A former bishop who sacked a principal and two education officers over a pedophile teacher and admitted church responsibility will give evidence on Monday.

The bishop who sacked three men after a pedophilia scandal at a Catholic primary school in Queensland is set to give evidence at an inquiry on Monday.

Former Toowoomba Bishop William Morris is due to give his version of the events leading up to the jailing of pedophile teacher Gerard Byrnes in 2010.

Byrnes raped, molested and savagely bullied 13 schoolgirls in his Queensland classroom between 2007 and 2008.

A principal and two senior Catholic education officers were first told of sex abuse allegations against Byrnes more than a year before his arrest.

But all three men remained silent, police were never told and Byrnes sexually abused more girls.

The Royal Commission into Institutional Responses to Child Sexual Abuse has been looking into that dark chapter over the past week.

Principal Terry Hayes, who still works as a Catholic teacher, and another principal from the diocese claimed there was a culture of protecting the church and they were regularly told “not to compromise the bishop”.

Catholic education officials Chris Fry and Ian Hunter claimed they weren’t properly trained and under pressure, so they neglected the reports.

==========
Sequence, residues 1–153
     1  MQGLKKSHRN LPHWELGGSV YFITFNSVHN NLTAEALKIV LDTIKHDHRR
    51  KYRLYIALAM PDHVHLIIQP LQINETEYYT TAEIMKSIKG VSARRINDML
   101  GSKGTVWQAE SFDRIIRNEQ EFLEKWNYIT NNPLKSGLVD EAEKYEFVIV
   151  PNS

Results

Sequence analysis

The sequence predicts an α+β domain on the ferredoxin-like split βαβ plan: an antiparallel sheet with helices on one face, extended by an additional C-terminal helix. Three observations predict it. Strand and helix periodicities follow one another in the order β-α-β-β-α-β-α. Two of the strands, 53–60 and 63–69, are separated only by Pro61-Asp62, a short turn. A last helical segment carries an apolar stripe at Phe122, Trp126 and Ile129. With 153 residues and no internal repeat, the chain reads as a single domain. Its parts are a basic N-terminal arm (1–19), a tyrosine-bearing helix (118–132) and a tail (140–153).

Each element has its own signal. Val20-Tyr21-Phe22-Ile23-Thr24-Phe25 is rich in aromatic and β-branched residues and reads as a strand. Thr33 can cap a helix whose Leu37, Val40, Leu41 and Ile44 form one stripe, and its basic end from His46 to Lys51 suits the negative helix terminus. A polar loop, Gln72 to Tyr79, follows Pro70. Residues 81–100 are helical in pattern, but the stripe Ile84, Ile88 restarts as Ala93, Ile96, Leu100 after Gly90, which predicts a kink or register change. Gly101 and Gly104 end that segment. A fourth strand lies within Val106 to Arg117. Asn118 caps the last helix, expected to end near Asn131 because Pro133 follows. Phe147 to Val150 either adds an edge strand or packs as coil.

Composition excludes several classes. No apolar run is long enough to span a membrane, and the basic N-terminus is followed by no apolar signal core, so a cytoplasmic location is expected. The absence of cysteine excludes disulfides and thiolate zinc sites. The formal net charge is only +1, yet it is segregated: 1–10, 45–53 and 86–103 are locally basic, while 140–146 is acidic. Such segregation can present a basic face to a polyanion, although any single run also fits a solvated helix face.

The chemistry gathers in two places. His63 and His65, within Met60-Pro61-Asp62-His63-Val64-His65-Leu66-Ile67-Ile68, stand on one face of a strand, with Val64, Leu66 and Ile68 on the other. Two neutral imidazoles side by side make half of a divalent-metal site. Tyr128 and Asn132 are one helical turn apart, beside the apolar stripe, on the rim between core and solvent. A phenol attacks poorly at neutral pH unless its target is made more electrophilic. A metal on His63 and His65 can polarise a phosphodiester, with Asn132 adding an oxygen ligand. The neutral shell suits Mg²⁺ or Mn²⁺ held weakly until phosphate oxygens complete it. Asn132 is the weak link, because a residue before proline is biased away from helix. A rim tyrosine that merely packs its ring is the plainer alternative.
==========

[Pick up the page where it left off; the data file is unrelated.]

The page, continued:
But lawyers for the Catholic Church have accused the trio of colluding on their evidence to shift the blame and diminish their own responsibility.

After Byrnes was arrested, Bishop Morris sacked Mr Hayes, Mr Fry and Mr Hunter.

He then apologised to the victims and their families, opening up the way for financial settlements.

“I am committed to ensuring that our apology is supported by action,” Bishop Morris said in 2010.

“The diocese sought to make the compensation process as uncomplicated as possible for the victims’ families.”

He was sacked by Pope Benedict XVI less than six months later.

The reason was believed to have been a 2006 letter Bishop Morris wrote to parish in which he discussed whether a fall in the numbers of Catholic priests could be offset by the ordination of women and ministers from other churches.